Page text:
EPA's Denver hearing on the Clean Power Plan: My comments
Posted July 29, 2014
This morning I attended the sold-out EPA hearing in Denver on the proposed Clean Power Plan. From what I saw, most of the crowd and speakers were overwhelmingly in favor of strong and effective standards to cut carbon pollution. Here are my comments:
Good morning. My name is Noah Long. I am the legal director of the Western Energy Project at the Natural Resources Defense Council. Thank you for taking my comments on this important issue.
Power plants are responsible for emitting 40 percent of the industrial carbon pollution we are exposed to in the United States. While we limit how much arsenic, lead and mercury power plants are allowed to dump into the air, there currently is no limit set for how much carbon pollution should be allowed. That’s why the EPA’s proposed Clean Power Plan is so important. It sets the first-ever limits on carbon pollution from power plants, which is an essential step to address the costly impacts of climate change.
Abiding by this national standard will not only give states flexibility, but it can spur innovation all while protecting the health of our communities as we clean up our air. And it will begin to fulfill the obligation we have to future generations to be responsible stewards of this earthly inheritance of a livable planet.
As a westerner, I myself have already seen the effects of climate change. Since my grandparents moved to Colorado in the first half of the last century, temperatures have climbed, droughts and floods have become more common, snowpack and glaciers have diminished. These changes are threatening the economies and way of life across the west: creating challenges for farms, ranches, wildlife, and outdoor enthusiasts.
So I find myself wondering: will my son be able to enjoy fishing in the same rivers and streams, swimming the same alpine lakes and skiing through the same aspen glades I love so much? Because of climate change, I don’t know.
But western states are also demonstrating leadership and moving forward with clean energy to tackle climate change head-on. Western states are moving away from dirty fossil fuel and embracing cleaner and more cost effective solutions like renewable energy and energy efficiency.
- Legislators and regulators in nearly every western state, from New Mexico to Washington, have decided to shutter old, dirty coal plants in favor of less polluting resources.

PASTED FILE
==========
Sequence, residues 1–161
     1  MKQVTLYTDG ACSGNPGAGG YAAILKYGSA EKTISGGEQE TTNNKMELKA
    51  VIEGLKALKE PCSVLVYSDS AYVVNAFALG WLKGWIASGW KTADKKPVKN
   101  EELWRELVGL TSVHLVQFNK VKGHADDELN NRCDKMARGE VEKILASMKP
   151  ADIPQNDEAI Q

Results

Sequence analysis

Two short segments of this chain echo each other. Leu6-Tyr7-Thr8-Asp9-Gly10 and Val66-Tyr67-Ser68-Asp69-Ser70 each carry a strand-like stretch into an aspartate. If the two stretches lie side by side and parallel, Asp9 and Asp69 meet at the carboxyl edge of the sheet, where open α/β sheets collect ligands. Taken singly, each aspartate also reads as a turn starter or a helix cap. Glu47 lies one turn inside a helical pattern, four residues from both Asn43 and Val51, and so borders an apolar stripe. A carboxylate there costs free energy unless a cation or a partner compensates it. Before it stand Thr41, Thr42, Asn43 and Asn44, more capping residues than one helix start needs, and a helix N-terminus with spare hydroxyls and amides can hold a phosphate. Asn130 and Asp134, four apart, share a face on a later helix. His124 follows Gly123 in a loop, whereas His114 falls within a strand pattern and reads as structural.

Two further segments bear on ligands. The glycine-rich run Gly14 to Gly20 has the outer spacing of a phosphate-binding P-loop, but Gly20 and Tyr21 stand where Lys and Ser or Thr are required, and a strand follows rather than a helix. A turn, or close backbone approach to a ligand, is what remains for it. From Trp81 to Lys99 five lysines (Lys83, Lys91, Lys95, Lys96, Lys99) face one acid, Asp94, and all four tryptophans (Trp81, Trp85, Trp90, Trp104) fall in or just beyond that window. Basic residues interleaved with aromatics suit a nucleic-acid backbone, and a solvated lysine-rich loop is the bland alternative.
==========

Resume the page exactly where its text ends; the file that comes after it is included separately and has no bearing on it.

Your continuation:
- Many power plants across the west are already participating in a carbon market, because of California’s carbon standard.
- Colorado has among the highest renewable energy standards in the country- and is reliably and affordably integrating higher and higher levels of renewable energy.
- In Wyoming, plans are under way for the world’s largest wind energy facility;
- California has the world’s largest solar thermal facility;
- Solar power is being used to power Olympic facilities in Salt Lake, and Fort Carson, south of Colorado Springs.
- With an average cost of 2.5 cents per kilowatt hour, western utilities and regulators from Idaho to Arizona are used to seeing energy efficiency as the fastest, cheapest and cleanest resource;
- Now those same regulators are seeing and approving utility purchases of wind and solar power, as the cheapest power generation alternative for customers.
NRDC supports the building blocks put forward by the U.S. EPA, and agrees with providing the states the necessary flexibility to find their own ways to reduce emissions. We urge to you to move forward with this plan, and to move to swiftly in proposing a road map for cutting carbon pollution in amounts comparable to surrounding states from power plants located on tribal lands.
We know states are already developing renewable energy and investing in energy efficiency at levels even higher than EPA assumes is possible – we heartily support going beyond the proposed requirements as we know the benefits will increase as we do so. We know that utilities across the country are planning on shuttering old, inefficient coal plants. These changes in the power sector are creating jobs, improving public health and taking the first steps towards safeguarding our communities from the consequences of a changing climate.
States are leading the way on clean energy development and a strong Clean Power Plan will empower them to take the next steps in that direction.